The Claus von Bulow Case
The atmosphere surrounding the Newport courthouse was electric the day Claus appeared for his arraignment on July 13, 1981. Here was a socialite accused of trying to murder his wife for her money; throw in the attractive soap star Alexandra Isles and the conditions were ripe for a media circus.
When Claus arrived at the courthouse, he found reporters and photographers from newspapers, TV stations and wire services from up and down the East Coast. Claus and his lawyers had to make their way through the throng of media and the curious bystanders. A European news crew gave chase to his car as he emerged from the courthouse free on $100,000 bail.
Jump ahead to January 1982, a month before the trial began Claus von Bülow hired two of the best attorneys available, John Sheehan and Herald Fahringer. A flamboyant, high-profile attorney, Fahringer is best known for handling the appeal of Jean Harris, the school mistress accused of killing her lover, the Scarsdale Diet doctor. Sheehan, on the other hand, was a Rhode Island attorney who knew the way things worked inside the state's courthouses. Sheehan's role would be to help Fahringer navigate the tricky shoals of Rhode Island law.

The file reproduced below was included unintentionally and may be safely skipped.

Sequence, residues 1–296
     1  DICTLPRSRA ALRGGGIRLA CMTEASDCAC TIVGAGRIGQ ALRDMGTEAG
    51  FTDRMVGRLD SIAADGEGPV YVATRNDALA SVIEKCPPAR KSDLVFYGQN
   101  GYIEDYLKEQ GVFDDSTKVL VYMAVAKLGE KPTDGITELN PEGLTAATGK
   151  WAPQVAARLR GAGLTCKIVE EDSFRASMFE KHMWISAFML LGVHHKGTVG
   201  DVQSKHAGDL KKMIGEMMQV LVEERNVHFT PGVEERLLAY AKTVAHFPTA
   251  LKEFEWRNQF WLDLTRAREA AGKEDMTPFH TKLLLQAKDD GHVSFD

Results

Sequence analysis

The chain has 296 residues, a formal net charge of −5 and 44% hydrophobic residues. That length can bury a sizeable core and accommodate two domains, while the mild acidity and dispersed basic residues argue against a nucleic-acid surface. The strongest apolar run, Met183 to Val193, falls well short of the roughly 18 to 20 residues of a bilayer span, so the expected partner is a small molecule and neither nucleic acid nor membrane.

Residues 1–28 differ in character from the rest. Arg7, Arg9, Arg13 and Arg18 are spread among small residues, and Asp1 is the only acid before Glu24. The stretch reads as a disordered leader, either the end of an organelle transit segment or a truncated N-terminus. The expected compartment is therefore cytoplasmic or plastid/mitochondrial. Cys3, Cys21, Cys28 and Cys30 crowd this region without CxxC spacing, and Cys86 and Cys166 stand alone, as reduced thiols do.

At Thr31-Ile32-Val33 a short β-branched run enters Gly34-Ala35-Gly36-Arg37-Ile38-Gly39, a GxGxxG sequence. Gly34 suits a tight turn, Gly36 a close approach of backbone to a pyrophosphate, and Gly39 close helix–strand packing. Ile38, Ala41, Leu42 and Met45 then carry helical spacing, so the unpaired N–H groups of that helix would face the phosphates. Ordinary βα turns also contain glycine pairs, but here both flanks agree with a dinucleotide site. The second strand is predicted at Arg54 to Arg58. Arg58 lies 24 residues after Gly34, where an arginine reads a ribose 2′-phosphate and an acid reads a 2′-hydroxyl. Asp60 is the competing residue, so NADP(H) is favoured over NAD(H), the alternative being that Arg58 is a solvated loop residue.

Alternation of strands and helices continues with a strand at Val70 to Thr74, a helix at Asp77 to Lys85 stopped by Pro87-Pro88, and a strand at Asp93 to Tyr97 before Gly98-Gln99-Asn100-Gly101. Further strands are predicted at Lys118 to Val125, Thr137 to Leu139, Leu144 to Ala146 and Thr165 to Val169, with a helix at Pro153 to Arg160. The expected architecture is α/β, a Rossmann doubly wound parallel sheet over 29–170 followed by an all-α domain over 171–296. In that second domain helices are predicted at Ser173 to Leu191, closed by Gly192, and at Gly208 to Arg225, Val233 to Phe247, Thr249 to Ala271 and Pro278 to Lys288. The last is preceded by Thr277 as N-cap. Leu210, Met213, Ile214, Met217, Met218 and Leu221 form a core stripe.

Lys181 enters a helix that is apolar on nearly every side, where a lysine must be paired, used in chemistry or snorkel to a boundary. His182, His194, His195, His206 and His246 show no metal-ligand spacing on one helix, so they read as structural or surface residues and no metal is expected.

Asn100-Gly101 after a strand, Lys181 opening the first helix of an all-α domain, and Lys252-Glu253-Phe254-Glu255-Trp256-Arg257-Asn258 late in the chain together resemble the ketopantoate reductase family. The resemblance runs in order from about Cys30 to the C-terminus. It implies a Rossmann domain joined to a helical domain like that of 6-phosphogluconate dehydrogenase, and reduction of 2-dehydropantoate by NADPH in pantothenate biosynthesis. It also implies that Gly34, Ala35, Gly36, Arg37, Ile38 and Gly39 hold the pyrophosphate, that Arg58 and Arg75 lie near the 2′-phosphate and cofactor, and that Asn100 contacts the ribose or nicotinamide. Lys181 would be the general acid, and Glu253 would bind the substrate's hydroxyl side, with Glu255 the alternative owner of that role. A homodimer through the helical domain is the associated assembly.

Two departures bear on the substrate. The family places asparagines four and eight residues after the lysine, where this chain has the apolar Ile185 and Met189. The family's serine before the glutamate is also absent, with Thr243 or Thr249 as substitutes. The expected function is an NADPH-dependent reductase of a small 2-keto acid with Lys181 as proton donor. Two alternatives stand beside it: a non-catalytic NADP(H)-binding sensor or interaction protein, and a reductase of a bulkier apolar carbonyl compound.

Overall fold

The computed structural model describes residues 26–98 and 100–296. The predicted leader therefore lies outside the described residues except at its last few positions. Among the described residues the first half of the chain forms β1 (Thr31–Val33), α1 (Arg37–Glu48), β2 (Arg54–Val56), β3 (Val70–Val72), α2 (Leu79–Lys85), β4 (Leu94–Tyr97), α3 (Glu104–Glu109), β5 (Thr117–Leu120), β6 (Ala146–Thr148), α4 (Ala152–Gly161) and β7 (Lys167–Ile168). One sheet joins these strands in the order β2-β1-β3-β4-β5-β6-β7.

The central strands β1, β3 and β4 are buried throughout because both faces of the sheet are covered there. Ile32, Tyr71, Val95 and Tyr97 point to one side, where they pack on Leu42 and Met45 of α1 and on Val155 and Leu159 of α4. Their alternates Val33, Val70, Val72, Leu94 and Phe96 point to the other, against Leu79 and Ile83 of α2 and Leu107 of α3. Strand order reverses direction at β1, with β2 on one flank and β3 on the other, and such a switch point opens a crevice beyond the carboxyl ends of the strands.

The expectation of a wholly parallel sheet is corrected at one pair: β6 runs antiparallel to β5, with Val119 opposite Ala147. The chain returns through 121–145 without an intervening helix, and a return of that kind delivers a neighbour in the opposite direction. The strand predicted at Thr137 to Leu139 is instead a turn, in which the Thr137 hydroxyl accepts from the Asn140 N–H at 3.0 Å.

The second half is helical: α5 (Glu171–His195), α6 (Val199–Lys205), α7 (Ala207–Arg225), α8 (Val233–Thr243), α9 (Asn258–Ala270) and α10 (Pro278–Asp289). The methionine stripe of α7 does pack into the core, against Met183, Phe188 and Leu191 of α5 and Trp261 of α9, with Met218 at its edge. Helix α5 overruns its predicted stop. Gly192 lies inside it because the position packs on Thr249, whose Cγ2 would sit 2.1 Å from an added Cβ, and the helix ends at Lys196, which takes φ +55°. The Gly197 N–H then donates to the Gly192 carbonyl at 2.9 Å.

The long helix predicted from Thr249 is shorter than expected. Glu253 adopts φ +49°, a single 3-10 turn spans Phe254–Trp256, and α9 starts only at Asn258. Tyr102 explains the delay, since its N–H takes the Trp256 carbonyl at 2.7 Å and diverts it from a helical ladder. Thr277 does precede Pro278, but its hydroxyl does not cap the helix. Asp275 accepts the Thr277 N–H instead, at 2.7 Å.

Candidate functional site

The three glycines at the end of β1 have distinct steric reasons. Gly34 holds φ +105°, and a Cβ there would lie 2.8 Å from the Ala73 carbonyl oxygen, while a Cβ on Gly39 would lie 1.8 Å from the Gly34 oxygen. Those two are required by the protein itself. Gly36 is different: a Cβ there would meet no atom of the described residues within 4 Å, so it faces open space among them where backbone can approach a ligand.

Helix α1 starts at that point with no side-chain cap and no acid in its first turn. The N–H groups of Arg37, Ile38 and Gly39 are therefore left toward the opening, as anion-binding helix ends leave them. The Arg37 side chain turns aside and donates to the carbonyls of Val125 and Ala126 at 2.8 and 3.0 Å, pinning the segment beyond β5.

Before the trial began, von Bülow's team attempted to have the notorious black bag excluded as evidence because it had been illegally obtained. No one had a search warrant the night Alexander, Eddie Lambert and the locksmith went to Clarendon Court to get the bag. Of course, no warrant was needed because the men were not working as agents of the government, but when they turned the materials over to the state of Rhode Island for testing, then a warrant might have been necessary.
They also wanted to bar von Bülow's statement to Reise on the night the search warrant was executed and to exclude medical evidence, as it would violate the patient-doctor privilege. Such a privilege could not be waived, they argued, unless Sunny was able to do it.
Judge Thomas H. Needham opted to proceed with jury selection and take the motions under advisement.
Jury selection took eight days. None of the jurors could be said to be peers of someone like Claus von Bülow, a man who had lived most of his life in luxury, but they were 12 citizens who all said they could put aside personal feelings about rich people and drug users and adulterers and princesses to render a fair verdict.